Jerry Jones' way leads to highway

IRVING, Texas -- Jerry Jones demands his head coach call either the plays on offense or the defensive signals because the owner believes his Dallas Cowboys need tangible evidence the coach helps them win.

You can blame former Washington Redskins coach Joe Gibbs for giving Jerry that bad advice.

Obviously, Gibbs' approach works wonders when a team is winning. But what happens when a team is one game under .500 12 weeks into the season like the Cowboys are?

It undermines the coach's authority because it casts a spotlight on his flaws, making him him the epicenter of the problem.

Jerry needs to rethink this approach.


It's dumb.

And it has compromised Jerry's current coach Jason Garrett -- his hand-picked football messiah.

No one can look at the Cowboys' struggles this season and come to any conclusion other than Garrett is at the root of the team's issues. After all, his offense is averaging just 22.0 points in a league in which seemingly every rule is designed to help teams score points.

The blame starts with the NFL's most pathetic running game.

Dallas ranks last in the NFL in rushing yards per game (78.7) and in average per carry (3.55). And it ranks next to last in attempts per game (22.2).

Just so you know, the Cowboys rank 29th in runs of 20 yards or more with three. Felix Jones and DeMarco Murray each had a run of more than 20 yards in the Cowboys' first eight carries against the Baltimore Ravens in Week 6.

Since, the Cowboys have not had a run of more than 20 yards in 166 carries.


So the burden to move the ball and score points has fallen upon Tony Romo, a group of inconsistent receivers and an overmatched offensive line. That's hardly a formula for winning football.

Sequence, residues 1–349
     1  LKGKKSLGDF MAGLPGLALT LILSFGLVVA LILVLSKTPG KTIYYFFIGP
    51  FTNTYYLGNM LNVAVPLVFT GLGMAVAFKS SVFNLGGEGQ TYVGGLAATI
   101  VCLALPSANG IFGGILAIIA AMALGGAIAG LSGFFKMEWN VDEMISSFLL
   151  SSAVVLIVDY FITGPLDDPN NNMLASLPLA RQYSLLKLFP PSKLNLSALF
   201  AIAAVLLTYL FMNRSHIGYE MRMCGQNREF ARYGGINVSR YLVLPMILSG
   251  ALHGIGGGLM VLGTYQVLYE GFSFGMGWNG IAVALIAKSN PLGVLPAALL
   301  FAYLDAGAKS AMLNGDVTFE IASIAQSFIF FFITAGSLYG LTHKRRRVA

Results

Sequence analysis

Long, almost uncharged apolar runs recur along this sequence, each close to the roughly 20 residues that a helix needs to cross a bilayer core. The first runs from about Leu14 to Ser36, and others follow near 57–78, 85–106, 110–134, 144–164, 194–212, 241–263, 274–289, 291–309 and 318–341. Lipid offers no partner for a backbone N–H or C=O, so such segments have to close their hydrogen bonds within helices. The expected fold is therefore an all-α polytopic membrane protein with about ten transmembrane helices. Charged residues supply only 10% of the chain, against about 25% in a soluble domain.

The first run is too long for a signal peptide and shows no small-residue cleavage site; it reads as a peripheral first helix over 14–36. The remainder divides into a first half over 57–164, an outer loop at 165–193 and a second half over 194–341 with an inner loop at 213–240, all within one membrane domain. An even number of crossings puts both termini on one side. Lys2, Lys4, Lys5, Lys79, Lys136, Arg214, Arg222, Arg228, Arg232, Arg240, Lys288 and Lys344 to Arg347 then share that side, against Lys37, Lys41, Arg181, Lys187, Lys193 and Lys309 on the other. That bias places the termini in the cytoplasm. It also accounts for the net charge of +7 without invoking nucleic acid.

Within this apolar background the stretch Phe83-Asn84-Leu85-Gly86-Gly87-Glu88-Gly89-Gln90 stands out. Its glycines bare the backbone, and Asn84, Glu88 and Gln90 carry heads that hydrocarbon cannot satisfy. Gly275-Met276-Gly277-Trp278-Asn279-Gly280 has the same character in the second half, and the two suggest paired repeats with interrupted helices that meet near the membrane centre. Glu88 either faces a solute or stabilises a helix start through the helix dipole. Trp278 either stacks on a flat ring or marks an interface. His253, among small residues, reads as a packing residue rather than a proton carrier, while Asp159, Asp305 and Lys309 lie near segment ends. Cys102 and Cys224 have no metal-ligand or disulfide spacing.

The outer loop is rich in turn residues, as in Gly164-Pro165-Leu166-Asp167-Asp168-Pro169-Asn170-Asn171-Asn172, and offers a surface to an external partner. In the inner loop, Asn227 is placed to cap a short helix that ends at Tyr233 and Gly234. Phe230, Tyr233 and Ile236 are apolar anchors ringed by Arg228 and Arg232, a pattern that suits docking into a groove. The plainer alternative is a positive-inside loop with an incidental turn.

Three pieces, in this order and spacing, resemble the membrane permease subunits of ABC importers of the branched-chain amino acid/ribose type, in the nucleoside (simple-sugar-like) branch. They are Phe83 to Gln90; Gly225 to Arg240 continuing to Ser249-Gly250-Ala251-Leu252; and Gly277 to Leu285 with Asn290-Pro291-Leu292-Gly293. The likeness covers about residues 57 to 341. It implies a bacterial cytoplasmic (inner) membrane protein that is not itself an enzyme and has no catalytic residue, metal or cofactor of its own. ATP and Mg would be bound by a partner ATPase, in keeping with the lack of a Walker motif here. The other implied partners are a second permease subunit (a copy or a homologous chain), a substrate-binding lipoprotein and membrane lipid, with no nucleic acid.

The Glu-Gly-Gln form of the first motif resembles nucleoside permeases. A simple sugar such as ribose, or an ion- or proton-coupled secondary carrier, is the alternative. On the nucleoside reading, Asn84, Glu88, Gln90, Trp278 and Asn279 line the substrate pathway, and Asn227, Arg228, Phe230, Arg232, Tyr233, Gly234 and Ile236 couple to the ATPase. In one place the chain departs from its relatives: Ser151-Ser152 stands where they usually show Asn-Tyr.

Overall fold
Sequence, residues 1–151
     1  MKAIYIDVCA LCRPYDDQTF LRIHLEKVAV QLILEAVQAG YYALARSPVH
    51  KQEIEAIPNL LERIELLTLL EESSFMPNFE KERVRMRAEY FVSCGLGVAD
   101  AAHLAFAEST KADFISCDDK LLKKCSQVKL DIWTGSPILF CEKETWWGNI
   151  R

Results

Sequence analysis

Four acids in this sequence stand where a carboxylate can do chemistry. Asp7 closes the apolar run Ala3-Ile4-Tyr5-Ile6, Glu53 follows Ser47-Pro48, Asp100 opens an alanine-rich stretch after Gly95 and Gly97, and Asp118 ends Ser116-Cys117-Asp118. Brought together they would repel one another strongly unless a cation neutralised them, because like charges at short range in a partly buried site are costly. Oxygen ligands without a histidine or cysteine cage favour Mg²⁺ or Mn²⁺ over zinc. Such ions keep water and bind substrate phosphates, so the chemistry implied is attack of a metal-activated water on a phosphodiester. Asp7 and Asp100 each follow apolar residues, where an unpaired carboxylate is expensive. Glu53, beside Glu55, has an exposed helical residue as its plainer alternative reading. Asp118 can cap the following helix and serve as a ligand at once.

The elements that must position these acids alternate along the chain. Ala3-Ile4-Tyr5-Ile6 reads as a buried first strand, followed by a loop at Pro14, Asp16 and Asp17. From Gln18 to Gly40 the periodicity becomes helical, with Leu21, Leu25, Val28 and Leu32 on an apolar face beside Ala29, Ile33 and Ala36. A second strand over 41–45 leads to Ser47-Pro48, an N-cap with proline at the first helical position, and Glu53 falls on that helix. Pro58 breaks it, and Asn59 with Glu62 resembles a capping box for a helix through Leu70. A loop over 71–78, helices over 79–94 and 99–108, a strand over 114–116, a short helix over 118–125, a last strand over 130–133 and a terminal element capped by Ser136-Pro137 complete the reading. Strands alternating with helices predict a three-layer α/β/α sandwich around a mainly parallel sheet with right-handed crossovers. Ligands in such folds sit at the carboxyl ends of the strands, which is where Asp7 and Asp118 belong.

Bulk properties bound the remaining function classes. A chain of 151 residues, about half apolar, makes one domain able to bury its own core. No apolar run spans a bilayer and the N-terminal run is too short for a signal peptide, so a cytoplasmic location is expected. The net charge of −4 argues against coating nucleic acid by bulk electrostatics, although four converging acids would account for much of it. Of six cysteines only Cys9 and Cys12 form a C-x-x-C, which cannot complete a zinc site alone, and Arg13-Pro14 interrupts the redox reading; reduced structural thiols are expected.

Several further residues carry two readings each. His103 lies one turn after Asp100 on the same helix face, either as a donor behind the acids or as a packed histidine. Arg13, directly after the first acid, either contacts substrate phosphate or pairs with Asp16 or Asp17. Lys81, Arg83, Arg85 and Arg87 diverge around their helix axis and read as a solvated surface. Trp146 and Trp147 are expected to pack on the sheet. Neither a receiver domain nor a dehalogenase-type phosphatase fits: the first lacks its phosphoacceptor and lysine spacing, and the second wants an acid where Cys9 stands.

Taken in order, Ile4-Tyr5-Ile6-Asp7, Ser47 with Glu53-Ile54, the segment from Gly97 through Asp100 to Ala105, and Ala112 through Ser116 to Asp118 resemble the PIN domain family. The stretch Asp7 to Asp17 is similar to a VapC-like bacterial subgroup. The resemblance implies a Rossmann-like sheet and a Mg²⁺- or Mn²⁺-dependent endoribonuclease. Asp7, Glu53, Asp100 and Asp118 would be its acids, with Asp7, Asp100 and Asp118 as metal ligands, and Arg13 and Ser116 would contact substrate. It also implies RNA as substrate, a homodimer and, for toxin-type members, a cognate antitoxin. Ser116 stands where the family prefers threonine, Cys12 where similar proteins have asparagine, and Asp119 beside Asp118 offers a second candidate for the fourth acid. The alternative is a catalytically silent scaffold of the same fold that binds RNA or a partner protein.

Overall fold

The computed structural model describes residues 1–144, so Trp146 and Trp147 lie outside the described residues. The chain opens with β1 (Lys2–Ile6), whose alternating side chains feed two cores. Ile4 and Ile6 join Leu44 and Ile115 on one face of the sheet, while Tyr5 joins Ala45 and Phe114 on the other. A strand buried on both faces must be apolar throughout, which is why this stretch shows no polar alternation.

Since he took over for Wade Phillips after eight games in 2010, Garrett has talked about the Cowboys being a physical running team capable of closing out games, converting short-yardage situations and scoring touchdowns.

It's the reason the first thing he did as head coach was make the team practice in pads twice a week -- Phillips rarely did it more than once a week -- until the new collective bargaining agreement prohibited it.

Some teams such as the New Orleans Saints and Atlanta Falcons choose to be one-dimensional. They choose to rely on their quarterbacks -- Drew Brees and Matt Ryan -- because each is among the game's best.

The Cowboys throw the ball because they have a finesse offensive line that doesn't consistently create running lanes.

You can't win games consistently throwing the ball 66.8 percent of the time, which is what the Cowboys are doing this season. Yes, that's the league's highest pass-run percentage.

Romo is good, but we all know he's flawed. Asking him to throw the ball 42.4 times per game -- only Detroit throws more passes per game -- puts Romo in a situation where his propensity to make a critical mistake increases.

The Cowboys are 1-4 this season and 1-14 since 2008 when Romo throws more than 40 passes. Only the officials and some poor coaching from Pat Shurmur allowed the Cowboys to beat the Cleveland Browns on a day Romo threw 50 passes.

"When you come to the line, you want the defense to have to defend the run and the pass," Garrett said. "And you want them to have to defend this guy and this guy and this guy. Then you're playing good offense because you have balance."

Injuries have ravaged an offensive line that wasn't going to be considerably better than average, if it were healthy.

Guards Mackenzy Bernadeau and Nate Livings each missed a chunk of training camp with injuries, which should've been a harbinger.

Center Phil Costa tweaked his back three plays into the opener against the New York Giants. Ryan Cook, Costa and Bernadeau have each started at least two games at center. Backup guard Derrick Dockery has started the last two weeks, and tackle Jermey Parnell made the first start of his career Thursday.

None have consistently played better than average.

Eight players have started in just 11 games, making it difficult for Garrett, running backs coach Skip Peete and line coach Bill Callahan to figure out the plays the linemen block best and the runners run best.

Murray, the Cowboys' best running back, has missed the last six games with a foot injury, and there's no guarantee he'll play again this season. He still hasn't gone through a full practice on Wednesday or Thursday, the team's heaviest work days.

Felix Jones has been at his mercurial best: good some weeks and awful others.

None of this is an excuse for having the league's worst running game; it's the reality of the Cowboys' season. The result is the Cowboys have become a dysfunctional, predictable one-dimensional offense.

Frankly, it's the kind of offensive approach Garrett abhors, but he can't do anything about it this season.

Jerry wouldn't let him anyway. And we're no longer positive Garrett will be around next season.